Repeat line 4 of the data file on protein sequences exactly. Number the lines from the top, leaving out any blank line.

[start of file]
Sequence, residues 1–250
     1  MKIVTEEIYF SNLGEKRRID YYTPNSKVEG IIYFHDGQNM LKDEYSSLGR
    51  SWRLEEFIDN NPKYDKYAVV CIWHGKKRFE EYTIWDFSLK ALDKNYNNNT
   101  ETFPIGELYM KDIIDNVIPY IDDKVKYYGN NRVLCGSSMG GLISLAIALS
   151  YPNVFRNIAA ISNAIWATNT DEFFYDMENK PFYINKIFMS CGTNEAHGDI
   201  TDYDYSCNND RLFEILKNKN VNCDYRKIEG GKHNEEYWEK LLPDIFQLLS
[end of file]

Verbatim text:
   101  ETFPIGELYM KDIIDNVIPY IDDKVKYYGN NRVLCGSSMG GLISLAIALS